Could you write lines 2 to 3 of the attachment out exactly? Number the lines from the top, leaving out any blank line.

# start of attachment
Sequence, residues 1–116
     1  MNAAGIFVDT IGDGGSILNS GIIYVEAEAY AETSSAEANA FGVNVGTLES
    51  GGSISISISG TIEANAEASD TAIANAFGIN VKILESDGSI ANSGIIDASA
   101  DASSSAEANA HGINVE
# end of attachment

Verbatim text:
     1  MNAAGIFVDT IGDGGSILNS GIIYVEAEAY AETSSAEANA FGVNVGTLES
    51  GGSISISISG TIEANAEASD TAIANAFGIN VKILESDGSI ANSGIIDASA